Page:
With the kids:
Yesterday I started with Carolyn Brown’s idea of noticing what hands are doing in the gospel. After the gospel lesson, we talked about things we do with our hands. At one service BMX bikes were popular, and at another, reading and puppets were popular. Brown notes there are lots of hands in action in this passage. Jesus reaches out his hand to heal Peter’s mother-in-law. She reaches out her hand to Jesus to get his help and then uses her hands to serve Jesus. We talked about how we use our hands in worship- praying, sharing the peace, holding the worship book, the offering. Then we ended with how we can serve Jesus rest of our week- helping others, praying for them, and more. Our kids helped us see this part of the story!
So we had another highly successful Pork and Sauerkraut dinner, where imagine the crowds rivaled those wanting to be healed by Jesus. We had 710 tickets last night and that might give us a sense of the whole city at the door. As I made my way around last night on occasion though there were some people who were obviously here for the miracle of pork and kraut, and jokes about feeding the thousands, and whether if we ran out of gravy, I could perform a miracle. There were people here for the pork and kraut, but others were here for something more-the connection. We as humans are wired for connection. We long for those connections.
It happens pretty often where when I visit, people want to hold my hand. It happens sometimes here in communion. That longing for connection. In those moments when our hands connect, something new is happening. Even in the tiniest way. And suddenly, however briefly, we move beyond who someone has been, or who they seem to be. Into who they truly are. And I always assume that in those moments people are not seeing me, they are seeing Jesus.
In the gospel, Jesus has been in the synagogue as we heard last week, and now he has left the synagogue. Last week I talked about how “synagogue” is a word meaning “people gathered together” with God. The word is synago in case you want to impress others with Greek. Jesus was in the synagogue, but now Jesus has left the building and yet, and soon people are “synago- ing” around Jesus. Some are there just to watch. Some are there hoping for a miracle. And some will find that freedom and healing and future are wherever Jesus is found. As Jesus has cast out demons and healed people and teaches and preaches with authority. Among men and women, inside the synagogue and outside. What he is doing is getting rid of separation.
Illness is about separation. The earlier hearers of the gospel would have known what is harder for us to see- that what Peter’s mother in law faced was different than we understand it. In the contemporary world we view disease as a malfunction which can be remedied with a prescription. In Jesus’ day, healers focused on restoring a person to a their state of being. Being ill was about experiencing a lack of dignity and value and worth that disrupts lives. It’s about separation and loss of meaning.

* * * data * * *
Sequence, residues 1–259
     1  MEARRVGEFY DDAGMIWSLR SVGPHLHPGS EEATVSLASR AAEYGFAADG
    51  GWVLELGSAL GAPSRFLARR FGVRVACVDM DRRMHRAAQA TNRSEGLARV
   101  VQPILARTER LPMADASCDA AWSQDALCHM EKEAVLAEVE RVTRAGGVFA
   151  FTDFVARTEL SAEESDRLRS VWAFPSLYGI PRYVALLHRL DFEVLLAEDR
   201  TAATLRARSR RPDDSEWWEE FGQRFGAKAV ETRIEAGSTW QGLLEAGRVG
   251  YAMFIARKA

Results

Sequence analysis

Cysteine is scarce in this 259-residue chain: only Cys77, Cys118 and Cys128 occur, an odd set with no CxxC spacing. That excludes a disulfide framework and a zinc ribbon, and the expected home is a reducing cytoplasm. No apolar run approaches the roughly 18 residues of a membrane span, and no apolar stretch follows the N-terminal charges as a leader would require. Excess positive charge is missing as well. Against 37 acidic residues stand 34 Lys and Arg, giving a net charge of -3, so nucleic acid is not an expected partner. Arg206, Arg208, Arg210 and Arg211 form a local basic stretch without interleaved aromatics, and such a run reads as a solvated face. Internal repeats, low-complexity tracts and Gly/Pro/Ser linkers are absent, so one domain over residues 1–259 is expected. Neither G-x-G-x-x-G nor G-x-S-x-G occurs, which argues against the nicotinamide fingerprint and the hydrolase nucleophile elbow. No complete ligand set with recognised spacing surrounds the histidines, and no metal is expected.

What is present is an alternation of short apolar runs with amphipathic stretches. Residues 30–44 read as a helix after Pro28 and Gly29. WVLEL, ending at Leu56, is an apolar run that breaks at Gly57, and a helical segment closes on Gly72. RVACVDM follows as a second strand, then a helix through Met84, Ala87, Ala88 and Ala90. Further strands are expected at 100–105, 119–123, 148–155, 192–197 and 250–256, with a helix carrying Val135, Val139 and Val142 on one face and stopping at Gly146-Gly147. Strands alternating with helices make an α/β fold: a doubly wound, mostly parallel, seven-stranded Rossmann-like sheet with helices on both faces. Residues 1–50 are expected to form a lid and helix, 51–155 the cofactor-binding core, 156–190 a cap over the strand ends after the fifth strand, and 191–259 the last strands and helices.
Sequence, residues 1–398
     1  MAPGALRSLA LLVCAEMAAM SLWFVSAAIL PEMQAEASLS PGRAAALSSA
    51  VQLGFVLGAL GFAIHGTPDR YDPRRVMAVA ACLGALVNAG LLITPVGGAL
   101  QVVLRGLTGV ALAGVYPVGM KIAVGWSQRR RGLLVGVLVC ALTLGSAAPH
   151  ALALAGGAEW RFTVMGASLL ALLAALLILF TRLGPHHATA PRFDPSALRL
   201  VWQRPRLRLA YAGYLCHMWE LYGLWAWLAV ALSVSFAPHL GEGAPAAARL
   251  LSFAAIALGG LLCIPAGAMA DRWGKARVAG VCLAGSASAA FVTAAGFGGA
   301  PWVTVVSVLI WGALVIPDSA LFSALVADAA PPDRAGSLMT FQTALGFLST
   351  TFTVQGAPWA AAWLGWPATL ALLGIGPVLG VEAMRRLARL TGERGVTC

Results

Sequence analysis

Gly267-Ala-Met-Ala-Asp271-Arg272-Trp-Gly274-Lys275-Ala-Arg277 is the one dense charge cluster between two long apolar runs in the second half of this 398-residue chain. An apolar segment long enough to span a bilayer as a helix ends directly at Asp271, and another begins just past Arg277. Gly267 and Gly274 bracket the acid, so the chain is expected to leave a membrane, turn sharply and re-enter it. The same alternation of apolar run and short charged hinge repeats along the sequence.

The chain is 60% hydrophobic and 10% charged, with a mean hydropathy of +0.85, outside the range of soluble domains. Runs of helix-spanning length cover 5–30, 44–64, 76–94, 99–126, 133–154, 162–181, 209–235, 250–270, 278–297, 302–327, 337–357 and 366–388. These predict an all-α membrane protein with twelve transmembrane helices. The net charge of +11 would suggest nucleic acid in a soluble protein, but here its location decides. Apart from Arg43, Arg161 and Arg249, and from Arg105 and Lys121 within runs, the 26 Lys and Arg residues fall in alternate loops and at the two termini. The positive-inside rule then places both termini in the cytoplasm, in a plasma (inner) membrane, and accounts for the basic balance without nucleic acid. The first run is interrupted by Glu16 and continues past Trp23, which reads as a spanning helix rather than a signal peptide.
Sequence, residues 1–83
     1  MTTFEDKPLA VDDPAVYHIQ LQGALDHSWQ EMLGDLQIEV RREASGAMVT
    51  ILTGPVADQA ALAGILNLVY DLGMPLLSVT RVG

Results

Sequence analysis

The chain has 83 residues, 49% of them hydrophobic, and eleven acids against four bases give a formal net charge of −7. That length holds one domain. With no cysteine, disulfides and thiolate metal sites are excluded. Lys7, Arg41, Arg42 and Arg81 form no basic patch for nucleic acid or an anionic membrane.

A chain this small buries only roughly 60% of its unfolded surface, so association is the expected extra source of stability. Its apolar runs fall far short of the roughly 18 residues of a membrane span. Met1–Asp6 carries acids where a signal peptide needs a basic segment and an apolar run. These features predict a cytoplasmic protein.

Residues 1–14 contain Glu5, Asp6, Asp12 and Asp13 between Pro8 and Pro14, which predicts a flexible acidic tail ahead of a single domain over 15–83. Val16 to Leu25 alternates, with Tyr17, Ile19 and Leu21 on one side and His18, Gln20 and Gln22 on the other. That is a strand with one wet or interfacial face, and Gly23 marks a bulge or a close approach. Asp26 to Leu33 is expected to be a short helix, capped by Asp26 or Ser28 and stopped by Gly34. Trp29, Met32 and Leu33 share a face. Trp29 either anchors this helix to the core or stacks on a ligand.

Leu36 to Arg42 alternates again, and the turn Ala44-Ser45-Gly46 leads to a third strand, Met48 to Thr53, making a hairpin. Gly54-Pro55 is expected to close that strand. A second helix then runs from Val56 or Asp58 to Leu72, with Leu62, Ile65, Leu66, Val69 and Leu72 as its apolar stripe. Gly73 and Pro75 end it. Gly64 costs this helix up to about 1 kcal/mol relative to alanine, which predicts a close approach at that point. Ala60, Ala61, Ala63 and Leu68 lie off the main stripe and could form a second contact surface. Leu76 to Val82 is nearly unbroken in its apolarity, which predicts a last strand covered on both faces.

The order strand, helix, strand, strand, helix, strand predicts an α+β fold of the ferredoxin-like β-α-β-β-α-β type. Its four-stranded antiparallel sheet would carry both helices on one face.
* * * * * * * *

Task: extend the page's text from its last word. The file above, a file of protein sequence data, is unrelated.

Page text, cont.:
Peter's mother-in-law cannot be who she is. While to our modern ears we imagine it seems a little unfair that she is healed to just serve the men, in fact something else is happening. As the mother in law, she is the head of that part of the household. Others might prepare the food but she is the hostess, with the role of welcoming guests. Jesus’ healing restores her to her position within the household. She regains her dignity and worth.
There’s a dignity in the serving. When it’s been lost, we long for it. To have value. It’s why when I visit our older folk they tell me what they used to do- it’s a way of wondering if they have value.
For this woman, it is now restored. Recently, as I was visiting one of our homebound, she told me that when I am coming to visit next time if I let her know, she can order me a tray so we can eat together. She is not preparing the food, but make no mistake she is serving me. And it is a blessing to me and gives her dignity.
And there’s something more in our gospel today. Peter’s mother in law is lifted up, and in some ways she returns to doing what she always did, yet in some ways, there is something more. She is transformed into a new place. Because she is not serving just any man, she is now serving Jesus. It starts with a letting go. Something she cannot do alone. The fever lets go and she is transformed.
It is a "letting go" of something- where whatever caused that separation or lack of dignity no longer controls life. Holding onto Jesus also means a letting go. Perhaps each of us has something we need to let go of, and the gospel is our invitation to do so. To encounter Jesus and be given the power to let go of whatever is keeping us separated or disconnected.
The good news is that wee are given that chance to let go and start fresh and new. To be restored and lifted up and empowered to serve.
I urge you not to see the serving as law- please do not hear this as you must get out there and serve. Rather it is an invitation to continue to be transformed.
Last night I met a man who is a Shriner clown who travels to burn units to visit children. No easy task, but one he loves. He tells me that he feels compelled. The more he serves, the more he feels compelled to serve. The children are transformed by his visits, and he is transformed.
This is how we experience what it means to have a place in the kingdom. Something we all long for. What we do as Jesus’ followers is to experience Jesus and be lifted up and then become a part of the revelation of what it means that this is God’s kingdom.
May we live in that kingdom- a place where people are liberated and lifted up, valued and given dignity. And may God empower us to help others connect with the good news of Jesus Christ.